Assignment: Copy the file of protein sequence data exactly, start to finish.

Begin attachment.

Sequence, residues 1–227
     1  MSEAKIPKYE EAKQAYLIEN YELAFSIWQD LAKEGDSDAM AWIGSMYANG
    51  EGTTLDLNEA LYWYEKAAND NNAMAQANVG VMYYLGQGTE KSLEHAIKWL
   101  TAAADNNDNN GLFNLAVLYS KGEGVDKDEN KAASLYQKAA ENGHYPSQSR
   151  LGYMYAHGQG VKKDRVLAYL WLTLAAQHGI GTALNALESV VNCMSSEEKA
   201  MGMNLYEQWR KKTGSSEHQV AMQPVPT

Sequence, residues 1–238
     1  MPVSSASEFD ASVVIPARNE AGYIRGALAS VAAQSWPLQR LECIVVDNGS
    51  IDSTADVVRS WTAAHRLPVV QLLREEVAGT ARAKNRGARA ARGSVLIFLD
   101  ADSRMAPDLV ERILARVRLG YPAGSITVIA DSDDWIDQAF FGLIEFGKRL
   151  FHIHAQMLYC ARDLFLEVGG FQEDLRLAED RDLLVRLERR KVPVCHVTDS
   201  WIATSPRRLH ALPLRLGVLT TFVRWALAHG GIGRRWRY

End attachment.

Sequence, residues 1–227
     1  MSEAKIPKYE EAKQAYLIEN YELAFSIWQD LAKEGDSDAM AWIGSMYANG
    51  EGTTLDLNEA LYWYEKAAND NNAMAQANVG VMYYLGQGTE KSLEHAIKWL
   101  TAAADNNDNN GLFNLAVLYS KGEGVDKDEN KAASLYQKAA ENGHYPSQSR
   151  LGYMYAHGQG VKKDRVLAYL WLTLAAQHGI GTALNALESV VNCMSSEEKA
   201  MGMNLYEQWR KKTGSSEHQV AMQPVPT

Sequence, residues 1–238
     1  MPVSSASEFD ASVVIPARNE AGYIRGALAS VAAQSWPLQR LECIVVDNGS
    51  IDSTADVVRS WTAAHRLPVV QLLREEVAGT ARAKNRGARA ARGSVLIFLD
   101  ADSRMAPDLV ERILARVRLG YPAGSITVIA DSDDWIDQAF FGLIEFGKRL
   151  FHIHAQMLYC ARDLFLEVGG FQEDLRLAED RDLLVRLERR KVPVCHVTDS
   201  WIATSPRRLH ALPLRLGVLT TFVRWALAHG GIGRRWRY